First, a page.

Medications and Drugs
Brand Names: Doc-Q-Lax, Doculax, Dok Plus, Gentlax S, Peri-Colace, Senna Plus, Senna S, Sennalax-S, Senokot S, SenoSol-SS
Generic Name: docusate and senna (Pronunciation: DOK yoo sate and SEN a)
What is docusate and senna (Doc-Q-Lax, Doculax, Dok Plus, Gentlax S, Peri-Colace, Senna Plus, Senna S, Sennalax-S, Senokot S, SenoSol-SS)?
Docusate is a stool softener. It makes bowel movements softer and easier to pass.
Senna is a laxative. It stimulates muscle movement in the intestines.
Docusate and senna may also be used for other purposes not listed in this medication guide.
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What are the possible side effects of docusate and senna?
Get emergency medical help if you have any of these signs of an allergic reaction: hives; difficulty breathing; swelling of your face, lips, tongue, or throat.
Stop using docusate and senna and call your doctor at once if you have a serious side effect such as:
Less serious side effects may include:
This is not a complete list of side effects and others may occur. Tell your doctor about any unusual or bothersome side effect. You may report side effects to FDA at 1-800-FDA-1088.
What is the most important information I should know about docusate and senna?
Use this medication as directed on the label, or as your doctor has prescribed. Do not use the medication in larger amounts or for longer than recommended.
You should not use this medication if you are allergic to docusate and senna, or if you are also taking mineral oil.
Ask a doctor or pharmacist before using docusate and senna if you have nausea, vomiting, stomach pain, a sudden change in bowel habits, or an intestinal disorder (such as Crohn's disease or ulcerative colitis).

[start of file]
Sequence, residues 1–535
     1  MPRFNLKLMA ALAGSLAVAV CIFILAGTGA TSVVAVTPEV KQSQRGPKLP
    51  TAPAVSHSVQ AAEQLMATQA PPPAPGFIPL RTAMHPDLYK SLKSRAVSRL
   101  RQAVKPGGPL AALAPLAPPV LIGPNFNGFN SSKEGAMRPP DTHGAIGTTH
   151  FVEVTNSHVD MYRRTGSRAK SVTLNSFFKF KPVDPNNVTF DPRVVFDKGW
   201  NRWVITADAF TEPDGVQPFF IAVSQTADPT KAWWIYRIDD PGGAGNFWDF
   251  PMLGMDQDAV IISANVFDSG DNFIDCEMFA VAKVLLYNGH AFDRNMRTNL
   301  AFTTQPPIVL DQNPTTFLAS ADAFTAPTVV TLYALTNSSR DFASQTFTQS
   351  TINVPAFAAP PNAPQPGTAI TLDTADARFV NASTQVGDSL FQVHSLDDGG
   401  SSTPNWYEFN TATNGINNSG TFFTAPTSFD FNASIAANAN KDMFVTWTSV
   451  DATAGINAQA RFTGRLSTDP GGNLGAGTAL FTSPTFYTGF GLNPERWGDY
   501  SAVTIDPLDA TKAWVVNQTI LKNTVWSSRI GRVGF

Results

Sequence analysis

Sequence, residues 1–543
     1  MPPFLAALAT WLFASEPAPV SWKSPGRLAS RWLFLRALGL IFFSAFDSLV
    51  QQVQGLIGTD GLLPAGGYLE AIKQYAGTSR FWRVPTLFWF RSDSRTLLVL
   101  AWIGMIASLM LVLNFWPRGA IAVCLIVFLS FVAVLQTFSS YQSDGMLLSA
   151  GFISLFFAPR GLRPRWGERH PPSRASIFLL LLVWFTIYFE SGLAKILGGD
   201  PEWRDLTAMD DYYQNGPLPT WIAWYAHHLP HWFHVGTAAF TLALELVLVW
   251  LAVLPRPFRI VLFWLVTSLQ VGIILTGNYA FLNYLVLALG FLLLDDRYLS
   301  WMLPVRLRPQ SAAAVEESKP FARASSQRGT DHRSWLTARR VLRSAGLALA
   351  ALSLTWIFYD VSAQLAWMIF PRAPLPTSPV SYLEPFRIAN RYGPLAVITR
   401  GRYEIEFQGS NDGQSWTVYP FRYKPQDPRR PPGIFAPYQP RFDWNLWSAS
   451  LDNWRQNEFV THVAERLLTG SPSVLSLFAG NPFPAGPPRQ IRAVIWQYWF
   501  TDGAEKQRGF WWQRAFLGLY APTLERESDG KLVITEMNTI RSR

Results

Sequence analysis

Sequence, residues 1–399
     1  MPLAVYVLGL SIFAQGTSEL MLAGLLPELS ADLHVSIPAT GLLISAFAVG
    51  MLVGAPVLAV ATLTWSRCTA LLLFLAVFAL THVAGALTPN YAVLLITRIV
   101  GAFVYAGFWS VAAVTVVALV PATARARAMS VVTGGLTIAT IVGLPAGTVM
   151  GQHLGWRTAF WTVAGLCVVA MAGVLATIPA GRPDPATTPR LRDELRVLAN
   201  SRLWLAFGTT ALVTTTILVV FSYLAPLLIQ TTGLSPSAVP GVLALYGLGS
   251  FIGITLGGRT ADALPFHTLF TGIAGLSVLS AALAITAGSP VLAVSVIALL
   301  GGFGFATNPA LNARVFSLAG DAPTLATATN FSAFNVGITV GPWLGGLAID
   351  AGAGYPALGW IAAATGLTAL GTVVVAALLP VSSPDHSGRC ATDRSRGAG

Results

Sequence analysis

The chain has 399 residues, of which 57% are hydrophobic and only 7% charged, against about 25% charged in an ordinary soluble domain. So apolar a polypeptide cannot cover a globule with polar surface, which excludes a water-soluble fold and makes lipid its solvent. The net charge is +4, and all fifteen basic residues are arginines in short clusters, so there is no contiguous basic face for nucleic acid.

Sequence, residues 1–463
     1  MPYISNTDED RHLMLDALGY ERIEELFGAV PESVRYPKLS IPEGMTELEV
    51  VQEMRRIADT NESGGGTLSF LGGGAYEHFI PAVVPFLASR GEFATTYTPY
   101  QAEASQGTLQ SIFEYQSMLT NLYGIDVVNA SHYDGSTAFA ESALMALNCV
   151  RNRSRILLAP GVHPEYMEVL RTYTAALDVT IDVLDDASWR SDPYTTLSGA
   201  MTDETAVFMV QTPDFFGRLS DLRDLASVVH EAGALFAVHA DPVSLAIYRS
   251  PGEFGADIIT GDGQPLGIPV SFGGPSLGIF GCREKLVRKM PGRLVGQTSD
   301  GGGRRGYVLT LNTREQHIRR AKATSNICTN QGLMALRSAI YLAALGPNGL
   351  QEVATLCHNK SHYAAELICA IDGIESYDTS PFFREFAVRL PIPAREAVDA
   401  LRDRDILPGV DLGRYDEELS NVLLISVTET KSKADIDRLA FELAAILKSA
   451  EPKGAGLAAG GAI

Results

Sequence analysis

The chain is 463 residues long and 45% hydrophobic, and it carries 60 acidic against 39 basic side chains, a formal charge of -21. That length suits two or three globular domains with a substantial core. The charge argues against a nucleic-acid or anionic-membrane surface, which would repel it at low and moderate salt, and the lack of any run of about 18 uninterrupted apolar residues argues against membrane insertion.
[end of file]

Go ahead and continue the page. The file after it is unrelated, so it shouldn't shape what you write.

Do not use this medication without your doctor's advice if you are pregnant or breast-feeding.
Do not take this medication for longer than 7 days in a row. Call your doctor if your constipation does not improve or if it gets worse.
Stop taking this docusate and senna and call your doctor at once if you have rectal bleeding, severe stomach pain, nausea and vomiting, or if you do not have a bowel movement.
Do not use any other over-the-counter laxatives or other stool softener without first asking your doctor or pharmacist.
Report Problems to the Food and Drug Administration
You are encouraged to report negative side effects of prescription drugs to the FDA. Visit the FDA MedWatch website or call 1-800-FDA-1088.
Need help identifying pills and medications?
Digestive Disorders Resources
- Are Antidiarrheals Safe for IBS?
- Is It Okay to Take a Stool Softener Every Day?
- Serious Digestive Disorders in Children